The Tunisian trawler radioed in for help as it passed the migrant boat in distress out at sea. But with the packed craft still adrift two days later, captain Chamseddine Bourassine took direct action.
Fishermen from the North African country are spending more and more time pulling in stranded migrants after a sharp decline in humanitarian and European naval patrols along the stretch of water between war-wracked Libya and Italy.
Bourassine, his crew and three other fishing boats ferried the 69 migrants back to shore on May 11, five days after their boat pushed off from Zuwara on the western Libyan coast.
‘The area where we fish is a crossing point’ between Zuwara and the Italian island of Lampedusa, said Badreddine Mecherek, a Tunisian fisherman from Zarzis near the border with Libya.
Fisherman from Zarzis have saved the lives of hundreds of migrants in recent years, and as the number of boats leaving western Libya for Europe spikes with the return of calmer summer seas, they will probably have to save even more.
‘First we warn the authorities, but in the end we end up saving them ourselves,’ Mecherek grumbled as he tinkered with his rusting sardine boat.
European countries in the northern Mediterranean are trying to stem the number of migrants landing on their shores, and the Tunisian navy with its limited resources only rescues boats inside the country’s territorial waters.
Since May 31, Tunisia itself has barred 75 migrants from coming ashore after they were saved in international waters by a Tunisian-Egyptian tug boat.
Contacted multiple times by AFP, Tunisian authorities have refused to comment.
‘Everyone has disengaged’ from the issue, said Mecherek, adding it was hampering his work.
Fishermen who run across migrants on their second day out at sea are at least able to have done a day’s work, he added, ‘but if we find them on the first night, we have to go back’.
‘It’s very complicated to finish the job with people on board.’
The complexity of the rescues grows when fishermen find migrants adrift closer to Italy.
When Bourassine and his crew last year tugged a boat towards Lampedusa which was adrift without a motor, they were jailed in Sicily for four weeks for helping the migrants. It took months to recover their boat.
Humanitarian boats and those of the European Union’s ‘Operation Sophia’ anti-piracy force had scooped up most stranded migrants in recent years, but rescue operations dropped in 2019.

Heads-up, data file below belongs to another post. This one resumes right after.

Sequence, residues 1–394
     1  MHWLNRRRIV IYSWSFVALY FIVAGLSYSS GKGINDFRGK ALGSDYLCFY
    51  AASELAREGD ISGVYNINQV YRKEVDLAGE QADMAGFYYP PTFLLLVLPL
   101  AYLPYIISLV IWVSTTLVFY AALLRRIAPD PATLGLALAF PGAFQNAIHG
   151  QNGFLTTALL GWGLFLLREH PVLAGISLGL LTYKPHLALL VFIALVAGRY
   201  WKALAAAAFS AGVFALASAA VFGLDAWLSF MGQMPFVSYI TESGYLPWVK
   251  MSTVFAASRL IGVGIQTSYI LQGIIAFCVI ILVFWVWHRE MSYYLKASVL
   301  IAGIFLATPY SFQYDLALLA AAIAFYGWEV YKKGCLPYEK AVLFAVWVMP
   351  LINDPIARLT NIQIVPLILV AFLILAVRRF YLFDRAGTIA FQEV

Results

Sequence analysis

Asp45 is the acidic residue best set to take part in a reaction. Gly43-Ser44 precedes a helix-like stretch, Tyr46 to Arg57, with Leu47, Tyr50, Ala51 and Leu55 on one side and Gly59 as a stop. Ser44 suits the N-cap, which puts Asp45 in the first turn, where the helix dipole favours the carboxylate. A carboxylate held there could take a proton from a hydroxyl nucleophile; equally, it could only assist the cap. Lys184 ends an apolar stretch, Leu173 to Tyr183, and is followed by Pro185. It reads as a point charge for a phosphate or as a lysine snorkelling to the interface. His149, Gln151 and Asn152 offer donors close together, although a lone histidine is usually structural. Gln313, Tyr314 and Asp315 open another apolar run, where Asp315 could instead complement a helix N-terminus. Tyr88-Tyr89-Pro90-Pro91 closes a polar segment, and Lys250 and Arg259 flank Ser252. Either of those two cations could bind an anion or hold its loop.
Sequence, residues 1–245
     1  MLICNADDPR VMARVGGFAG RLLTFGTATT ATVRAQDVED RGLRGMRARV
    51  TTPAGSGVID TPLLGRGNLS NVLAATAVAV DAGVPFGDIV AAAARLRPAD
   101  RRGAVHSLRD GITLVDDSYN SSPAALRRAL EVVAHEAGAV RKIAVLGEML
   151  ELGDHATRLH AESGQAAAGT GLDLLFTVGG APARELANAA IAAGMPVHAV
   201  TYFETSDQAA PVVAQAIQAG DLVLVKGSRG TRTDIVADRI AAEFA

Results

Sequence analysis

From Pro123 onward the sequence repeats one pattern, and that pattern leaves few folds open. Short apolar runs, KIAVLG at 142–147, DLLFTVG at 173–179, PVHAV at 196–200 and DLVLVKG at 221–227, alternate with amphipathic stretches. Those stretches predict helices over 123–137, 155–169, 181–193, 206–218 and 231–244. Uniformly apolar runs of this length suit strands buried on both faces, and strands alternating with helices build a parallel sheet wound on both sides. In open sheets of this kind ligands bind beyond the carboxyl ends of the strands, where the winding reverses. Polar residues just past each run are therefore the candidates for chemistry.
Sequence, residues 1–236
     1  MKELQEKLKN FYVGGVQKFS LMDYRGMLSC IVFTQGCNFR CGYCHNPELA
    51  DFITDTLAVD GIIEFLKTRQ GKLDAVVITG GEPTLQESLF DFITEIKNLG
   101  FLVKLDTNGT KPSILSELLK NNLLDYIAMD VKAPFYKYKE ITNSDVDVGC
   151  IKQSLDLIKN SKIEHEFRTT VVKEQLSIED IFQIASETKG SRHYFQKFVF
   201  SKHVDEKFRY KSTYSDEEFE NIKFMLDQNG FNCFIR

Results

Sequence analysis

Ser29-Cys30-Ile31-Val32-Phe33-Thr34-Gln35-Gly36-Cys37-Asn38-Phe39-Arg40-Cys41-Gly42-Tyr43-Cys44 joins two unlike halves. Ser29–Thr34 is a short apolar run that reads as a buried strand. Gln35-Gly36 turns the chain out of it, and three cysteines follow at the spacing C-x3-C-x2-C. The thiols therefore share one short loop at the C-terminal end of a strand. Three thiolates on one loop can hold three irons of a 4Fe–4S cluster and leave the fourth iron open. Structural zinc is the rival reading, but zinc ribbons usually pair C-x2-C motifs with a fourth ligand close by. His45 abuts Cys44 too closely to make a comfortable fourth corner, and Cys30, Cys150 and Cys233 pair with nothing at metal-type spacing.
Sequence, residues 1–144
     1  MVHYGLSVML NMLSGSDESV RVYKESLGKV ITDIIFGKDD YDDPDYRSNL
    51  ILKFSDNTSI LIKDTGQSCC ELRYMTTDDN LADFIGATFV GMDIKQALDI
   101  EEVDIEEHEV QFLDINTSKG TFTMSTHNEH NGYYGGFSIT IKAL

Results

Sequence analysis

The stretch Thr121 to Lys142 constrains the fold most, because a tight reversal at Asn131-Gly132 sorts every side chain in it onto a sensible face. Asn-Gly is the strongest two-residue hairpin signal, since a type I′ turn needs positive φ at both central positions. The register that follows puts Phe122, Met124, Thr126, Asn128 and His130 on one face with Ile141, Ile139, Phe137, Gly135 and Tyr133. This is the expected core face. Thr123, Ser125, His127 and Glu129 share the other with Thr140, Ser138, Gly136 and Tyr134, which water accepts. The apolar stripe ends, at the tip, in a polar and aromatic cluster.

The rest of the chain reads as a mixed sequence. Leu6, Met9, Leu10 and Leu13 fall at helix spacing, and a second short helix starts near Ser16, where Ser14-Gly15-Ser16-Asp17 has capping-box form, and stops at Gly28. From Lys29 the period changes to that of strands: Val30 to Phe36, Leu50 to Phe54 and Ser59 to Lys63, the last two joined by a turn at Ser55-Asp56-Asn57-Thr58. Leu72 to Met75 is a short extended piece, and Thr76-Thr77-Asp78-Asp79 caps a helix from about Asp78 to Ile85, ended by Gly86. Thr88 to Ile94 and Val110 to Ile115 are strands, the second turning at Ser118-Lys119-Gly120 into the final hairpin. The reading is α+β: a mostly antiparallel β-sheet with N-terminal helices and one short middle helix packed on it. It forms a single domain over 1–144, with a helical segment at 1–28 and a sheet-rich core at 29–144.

‘Now most often we are the first to arrive... if we aren’t there, the migrants die,’ Mecherek said.
On May 10, a Tunisian trawler just barely saved the lives of 16 migrants after they had spent eight hours in the water. Sixty others drowned before the ship arrived.
Survivor Ahmed Sijur said the boat’s appearance at dawn was like that of ‘an angel’.
‘I was losing hope myself, but God sent us the fishermen to save us,’ the 30-year-old from Bangladesh said.
Mecherek is more worried than proud.
‘We don’t want to see all these corpses anymore. We want to catch fish, not people,’ he said, adding his crew was growing uneasy.
‘I have 20 seamen on board asking, ‘Who will feed our families?’ he added.
‘But local fishermen will never let people die at sea.’
For Tunisian Red Crescent official Mongi Slim, the fishermen ‘are practically the police of the sea’, adding that many migrants say large ships won’t stop to help.
Under pressure to catch their quota during a short annual season, big tuna boats out of Zarzis often call the coast guard instead of stopping themselves to help.
‘We report the migrants, but we can’t bring them back to shore... We only have a few weeks to fish,’ said one crew member.
For Chamseddine, the summer months look difficult.
‘With fighting having resumed in Libya, traffickers are free to work again.... There’s a risk of many shipwrecks.’
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